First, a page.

© CHRIS BUTLER ARCHAELOGICAL SERVICES LIMITED LAST UPDATED January 16, 2020

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Convent Field, Lewes

  

An archaeological evaluation and wall survey were undertaken on Convent Field, Lewes in advance of the construction of a new children’s playground. The site lies adjacent to the surviving wall of the Medieval Cluniac Priory of St Pancras and the evaluation comprised 3 trenches with a cumulative length of 38m. A watching brief was also conducted on the site during the grubbing out of a row of tree boles.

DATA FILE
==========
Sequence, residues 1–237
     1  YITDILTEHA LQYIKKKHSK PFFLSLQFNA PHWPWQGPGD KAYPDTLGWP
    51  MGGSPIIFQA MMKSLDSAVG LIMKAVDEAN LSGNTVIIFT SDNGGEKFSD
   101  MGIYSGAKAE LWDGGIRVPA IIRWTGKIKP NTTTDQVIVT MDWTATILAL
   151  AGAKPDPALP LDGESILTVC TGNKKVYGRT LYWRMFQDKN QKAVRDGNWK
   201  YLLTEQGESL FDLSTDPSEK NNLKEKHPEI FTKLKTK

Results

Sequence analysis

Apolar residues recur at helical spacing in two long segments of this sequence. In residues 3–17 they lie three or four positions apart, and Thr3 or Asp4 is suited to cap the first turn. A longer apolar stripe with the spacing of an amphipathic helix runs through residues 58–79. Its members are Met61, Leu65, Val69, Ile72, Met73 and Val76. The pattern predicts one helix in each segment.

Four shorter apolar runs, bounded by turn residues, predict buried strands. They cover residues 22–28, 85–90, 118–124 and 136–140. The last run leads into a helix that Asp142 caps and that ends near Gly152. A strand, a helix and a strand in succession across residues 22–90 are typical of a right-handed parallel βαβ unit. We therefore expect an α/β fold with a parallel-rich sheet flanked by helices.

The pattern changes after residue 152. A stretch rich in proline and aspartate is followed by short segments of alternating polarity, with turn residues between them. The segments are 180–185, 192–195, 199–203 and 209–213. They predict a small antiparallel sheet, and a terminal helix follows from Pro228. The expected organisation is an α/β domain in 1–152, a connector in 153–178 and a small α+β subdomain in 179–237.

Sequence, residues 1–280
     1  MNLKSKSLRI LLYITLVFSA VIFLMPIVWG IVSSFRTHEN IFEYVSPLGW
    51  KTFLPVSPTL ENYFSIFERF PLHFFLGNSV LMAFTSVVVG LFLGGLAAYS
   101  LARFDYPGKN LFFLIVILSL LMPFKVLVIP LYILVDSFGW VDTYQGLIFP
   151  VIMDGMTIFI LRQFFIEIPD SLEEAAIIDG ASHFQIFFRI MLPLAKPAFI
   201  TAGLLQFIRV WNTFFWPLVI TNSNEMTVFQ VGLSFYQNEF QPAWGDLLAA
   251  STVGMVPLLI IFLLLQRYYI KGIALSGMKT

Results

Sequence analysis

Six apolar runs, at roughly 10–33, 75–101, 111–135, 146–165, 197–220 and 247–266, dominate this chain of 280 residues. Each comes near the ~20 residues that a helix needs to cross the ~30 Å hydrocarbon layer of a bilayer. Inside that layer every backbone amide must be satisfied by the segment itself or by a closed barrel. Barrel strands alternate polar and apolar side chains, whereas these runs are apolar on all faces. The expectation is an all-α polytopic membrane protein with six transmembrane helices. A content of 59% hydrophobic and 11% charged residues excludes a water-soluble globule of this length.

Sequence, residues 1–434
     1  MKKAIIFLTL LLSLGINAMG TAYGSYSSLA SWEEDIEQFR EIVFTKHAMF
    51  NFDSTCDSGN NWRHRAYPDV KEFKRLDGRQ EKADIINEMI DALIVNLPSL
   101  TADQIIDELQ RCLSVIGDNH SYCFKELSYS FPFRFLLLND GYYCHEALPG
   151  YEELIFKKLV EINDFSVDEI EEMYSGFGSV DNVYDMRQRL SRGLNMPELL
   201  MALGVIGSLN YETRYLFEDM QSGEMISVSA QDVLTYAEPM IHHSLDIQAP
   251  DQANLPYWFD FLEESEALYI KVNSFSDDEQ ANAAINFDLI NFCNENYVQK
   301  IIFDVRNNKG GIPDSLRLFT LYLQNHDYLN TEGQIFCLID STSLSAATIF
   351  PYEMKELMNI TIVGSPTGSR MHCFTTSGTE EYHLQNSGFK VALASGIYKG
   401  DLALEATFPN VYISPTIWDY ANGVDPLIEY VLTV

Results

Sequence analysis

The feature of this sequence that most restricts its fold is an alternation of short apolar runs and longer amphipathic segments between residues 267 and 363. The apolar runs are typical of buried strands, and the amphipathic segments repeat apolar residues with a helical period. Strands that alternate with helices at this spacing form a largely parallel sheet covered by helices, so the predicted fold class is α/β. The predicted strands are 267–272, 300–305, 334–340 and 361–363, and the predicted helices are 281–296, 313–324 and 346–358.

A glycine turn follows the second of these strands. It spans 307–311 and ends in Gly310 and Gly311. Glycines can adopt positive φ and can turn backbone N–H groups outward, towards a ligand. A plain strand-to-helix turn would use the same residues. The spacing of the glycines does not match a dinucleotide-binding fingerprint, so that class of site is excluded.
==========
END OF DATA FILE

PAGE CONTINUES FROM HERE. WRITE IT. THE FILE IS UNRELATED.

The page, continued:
During the course of the evaluation four distinct phases of activity were recorded. The earliest two phases were dated from the 12th to the 14th century, and included kilns, structures and deposits contemporary with the upstanding life of the Priory. The third phase comprised a sequence of made ground deposits dating between the 14th and 16th centuries. These are thought to be associated with the robbing out of the Priory during the dissolution. The final phase of activity can be dated to the 19th and 20th centuries, almost certainly relating to buildings known to have been present on the site during this time.